In an effort to suppress over-exploitation and support domestic processing industries, many states have imposed bans or restrictions on the export of unprocessed logs and some cases also rough sawn timber. Some, including Brazil and Indonesia, have an outright ban on raw log exports. In others the picture is more complicated, in ways that facilitate circumvention of the restrictions.

In Laos, for example, there is a ban on log exports, but the government reserves the right to exempt specific shipments. In reality log exports are the norm, with a lack of clarity over the decisions behind, or legal basis for, the exemptions. Rules in the Republic of the Congo limit the proportion of its harvest each timber company may export as unprocessed logs, but special approval can be obtained to expand this limit. In practice, the proportion of logs exported exceeds the standard limits on a routine basis. In some states, such as Mozambique, log export bans are restricted to specific (commonly high-value) species.

It is common for companies to breach such export controls, often with the collusion of officials. Timber may be exported inside shipping containers and mis-declared. Logs may be smuggled out in small vessels and then transferred to larger vessels at sea or in neighbouring countries. On arrival in destination countries, the illegal logs may be falsely declared as originating elsewhere, complete with entire sets of forged documents.

Tax evasion

The same practices that enable companies to obscure the illegal origin of timber can be employed to minimise tax liability. Harvesting taxes may be evaded by under-declaring total volumes extracted from a forest or falsifying species. Export duties and tariffs (both general and timber-specific) can be evaded by the same methods. In just one month in 2012, for example, authorities in the Republic of the Congo estimated that 12 companies had failed to declare almost 4,500m3 of logs, with a commercial value of 2.5 million euros.15 Even more pervasive than under-declaration of volumes at point of export, and harder to detect, is under- declaration of prices paid. Harder still is transfer mispricing, where actual prices charged and paid by related companies are lower than true values. In 2008, for example, Greenpeace published leaked internal documents from a Swiss-based logging multinational indicating systematic mispricing during the early 2000s regarding log exports from the DRC and Republic of the Congo. Greenpeace estimated that the activities exposed may have denied the governments of the two countries nearly $10 million in revenues.16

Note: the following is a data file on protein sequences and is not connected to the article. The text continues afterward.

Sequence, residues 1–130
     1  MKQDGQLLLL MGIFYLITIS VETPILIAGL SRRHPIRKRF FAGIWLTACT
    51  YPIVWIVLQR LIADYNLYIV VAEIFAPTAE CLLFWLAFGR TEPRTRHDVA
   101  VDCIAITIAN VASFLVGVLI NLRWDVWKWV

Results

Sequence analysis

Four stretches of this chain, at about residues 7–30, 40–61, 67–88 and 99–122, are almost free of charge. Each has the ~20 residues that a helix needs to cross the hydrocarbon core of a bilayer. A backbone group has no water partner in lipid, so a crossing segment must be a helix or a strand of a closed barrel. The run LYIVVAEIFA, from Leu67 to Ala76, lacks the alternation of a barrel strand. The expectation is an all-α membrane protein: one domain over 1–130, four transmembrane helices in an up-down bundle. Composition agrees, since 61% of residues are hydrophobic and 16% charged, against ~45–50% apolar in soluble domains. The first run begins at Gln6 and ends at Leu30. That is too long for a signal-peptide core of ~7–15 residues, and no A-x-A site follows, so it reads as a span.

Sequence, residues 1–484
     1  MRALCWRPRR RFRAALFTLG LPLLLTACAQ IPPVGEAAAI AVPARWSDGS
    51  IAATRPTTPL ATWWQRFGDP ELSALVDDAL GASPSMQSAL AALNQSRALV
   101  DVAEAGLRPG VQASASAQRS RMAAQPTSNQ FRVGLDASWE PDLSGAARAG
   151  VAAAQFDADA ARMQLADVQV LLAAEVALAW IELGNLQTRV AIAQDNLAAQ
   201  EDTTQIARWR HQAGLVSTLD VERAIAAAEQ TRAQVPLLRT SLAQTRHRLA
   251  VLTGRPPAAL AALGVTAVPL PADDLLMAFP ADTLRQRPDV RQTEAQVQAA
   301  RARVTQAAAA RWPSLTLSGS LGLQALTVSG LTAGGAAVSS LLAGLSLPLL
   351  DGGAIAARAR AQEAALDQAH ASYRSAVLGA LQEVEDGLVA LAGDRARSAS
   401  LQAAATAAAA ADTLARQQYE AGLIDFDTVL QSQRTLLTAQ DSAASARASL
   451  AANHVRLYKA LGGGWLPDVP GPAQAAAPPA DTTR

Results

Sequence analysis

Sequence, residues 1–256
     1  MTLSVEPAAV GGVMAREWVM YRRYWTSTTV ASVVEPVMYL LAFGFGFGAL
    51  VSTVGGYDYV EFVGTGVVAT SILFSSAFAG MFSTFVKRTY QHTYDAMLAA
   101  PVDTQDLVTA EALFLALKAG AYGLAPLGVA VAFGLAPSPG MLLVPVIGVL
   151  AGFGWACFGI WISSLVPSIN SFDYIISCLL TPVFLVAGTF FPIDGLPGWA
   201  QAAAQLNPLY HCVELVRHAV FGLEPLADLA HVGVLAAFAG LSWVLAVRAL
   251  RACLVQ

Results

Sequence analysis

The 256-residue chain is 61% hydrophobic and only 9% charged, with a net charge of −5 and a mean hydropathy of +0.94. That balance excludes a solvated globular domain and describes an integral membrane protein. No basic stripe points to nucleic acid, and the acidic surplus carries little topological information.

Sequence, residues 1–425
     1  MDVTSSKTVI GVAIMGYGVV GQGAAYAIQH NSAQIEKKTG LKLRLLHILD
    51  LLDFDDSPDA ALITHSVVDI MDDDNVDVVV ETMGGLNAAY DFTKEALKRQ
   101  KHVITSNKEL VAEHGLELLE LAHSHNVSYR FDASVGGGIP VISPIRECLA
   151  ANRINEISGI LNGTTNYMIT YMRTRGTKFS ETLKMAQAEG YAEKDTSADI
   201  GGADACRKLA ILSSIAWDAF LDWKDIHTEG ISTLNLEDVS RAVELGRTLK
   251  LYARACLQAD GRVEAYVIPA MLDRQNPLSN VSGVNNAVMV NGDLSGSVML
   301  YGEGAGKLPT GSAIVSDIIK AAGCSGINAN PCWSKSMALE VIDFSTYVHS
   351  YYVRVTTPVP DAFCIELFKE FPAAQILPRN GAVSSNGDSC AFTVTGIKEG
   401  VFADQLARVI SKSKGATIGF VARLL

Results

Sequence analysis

CITES violations

The UN Convention on the International Trade in Endangered Species (CITES) imposes controls on international trade in certain species. Species that are threatened with extinction if international trade continues unregulated can be added to one of three Appendices to the Convention, affording varying restrictions on trans-border shipments. The advantage of CITES to states struggling to enforce domestic laws is that, as an international agreement, it is enforceable in destination or market countries, not only the country of source.

By definition, CITES regulates species that are increasingly rare and, by extension, usually high value. This includes various Dalbergia species targeted as precious rosewoods, and Bigleaf Mahogany. To enable export of certain specified products of CITES-listed species, companies must first obtain a permit from the CITES Management Authority of the source country. For Appendix III species exported from countries other than the listing country, a CITES Certificate of Origin is required.

In all other instances, a CITES Export Permit is needed. Export permits can only be issued providing the timber has been sourced legally and (for Appendix II) if the export will not be “detrimental to the survival of the species”.17 This adds another layer of protection and oversight to these species, but one that is frequently violated.

Timber subject to CITES controls but without the required paperwork may be smuggled by false declaration as other species, by false declaration as product categories not captured by a listing, or by shipping more than a given permit allows. Even where shipments are covered by a CITES permit, illegalities are frequent. Permits can be obtained through fraud, issued through corruption, or simply forged. Examples of these practices for CITES-listed timber have been documented in recent years in both Peru and the DRC (see Case Study 6). Shipments with valid CITES permits are exempt from the EUTR.

‘CITES permits can be obtained through fraud, issued through corruption, or simply forged’